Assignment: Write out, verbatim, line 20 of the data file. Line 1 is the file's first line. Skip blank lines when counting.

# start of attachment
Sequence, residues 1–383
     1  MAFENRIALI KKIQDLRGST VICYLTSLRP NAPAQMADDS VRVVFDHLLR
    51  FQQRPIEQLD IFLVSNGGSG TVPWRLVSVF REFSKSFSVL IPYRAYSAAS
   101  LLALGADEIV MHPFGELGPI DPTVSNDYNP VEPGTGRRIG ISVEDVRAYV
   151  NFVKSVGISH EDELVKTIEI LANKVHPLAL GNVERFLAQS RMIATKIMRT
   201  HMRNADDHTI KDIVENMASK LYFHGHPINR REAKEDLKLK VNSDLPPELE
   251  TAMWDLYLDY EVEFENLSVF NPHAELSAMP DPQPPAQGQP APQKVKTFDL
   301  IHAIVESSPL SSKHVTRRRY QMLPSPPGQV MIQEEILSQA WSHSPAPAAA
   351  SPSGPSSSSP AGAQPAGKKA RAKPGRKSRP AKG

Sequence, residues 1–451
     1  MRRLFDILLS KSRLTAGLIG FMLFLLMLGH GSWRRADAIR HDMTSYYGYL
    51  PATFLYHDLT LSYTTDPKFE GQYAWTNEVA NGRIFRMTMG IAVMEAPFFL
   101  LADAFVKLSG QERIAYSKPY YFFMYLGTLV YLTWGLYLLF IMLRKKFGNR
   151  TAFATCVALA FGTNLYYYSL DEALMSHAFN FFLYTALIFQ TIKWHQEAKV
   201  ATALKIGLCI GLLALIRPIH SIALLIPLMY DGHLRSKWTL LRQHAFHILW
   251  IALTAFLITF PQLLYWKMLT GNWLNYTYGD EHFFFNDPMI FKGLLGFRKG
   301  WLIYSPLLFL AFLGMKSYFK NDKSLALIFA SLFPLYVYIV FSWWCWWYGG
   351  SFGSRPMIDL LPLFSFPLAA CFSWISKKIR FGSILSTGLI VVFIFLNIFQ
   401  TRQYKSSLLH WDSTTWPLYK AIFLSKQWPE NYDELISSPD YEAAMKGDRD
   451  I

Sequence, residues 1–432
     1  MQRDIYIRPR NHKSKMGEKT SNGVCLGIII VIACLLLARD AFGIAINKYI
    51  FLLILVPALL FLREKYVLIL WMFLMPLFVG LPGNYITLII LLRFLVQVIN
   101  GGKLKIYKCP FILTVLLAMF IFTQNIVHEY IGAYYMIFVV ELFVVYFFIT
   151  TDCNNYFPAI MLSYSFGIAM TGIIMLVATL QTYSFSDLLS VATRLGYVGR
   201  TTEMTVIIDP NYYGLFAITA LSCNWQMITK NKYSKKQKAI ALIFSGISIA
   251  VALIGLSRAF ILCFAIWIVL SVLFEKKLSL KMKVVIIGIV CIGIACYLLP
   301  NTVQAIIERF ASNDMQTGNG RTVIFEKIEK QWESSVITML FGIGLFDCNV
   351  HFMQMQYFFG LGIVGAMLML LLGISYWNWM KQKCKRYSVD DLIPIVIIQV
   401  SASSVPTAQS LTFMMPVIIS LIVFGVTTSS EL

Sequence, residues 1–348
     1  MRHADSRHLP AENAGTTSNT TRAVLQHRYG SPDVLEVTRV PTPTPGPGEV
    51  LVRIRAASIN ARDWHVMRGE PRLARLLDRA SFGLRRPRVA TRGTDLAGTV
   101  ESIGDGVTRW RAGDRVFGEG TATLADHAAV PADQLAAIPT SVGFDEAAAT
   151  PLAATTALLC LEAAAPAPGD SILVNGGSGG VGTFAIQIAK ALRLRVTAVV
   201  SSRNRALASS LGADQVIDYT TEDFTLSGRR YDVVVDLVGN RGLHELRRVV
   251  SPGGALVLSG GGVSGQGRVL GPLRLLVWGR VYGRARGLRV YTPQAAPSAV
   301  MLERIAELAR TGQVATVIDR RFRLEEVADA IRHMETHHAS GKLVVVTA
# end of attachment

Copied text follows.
   451  I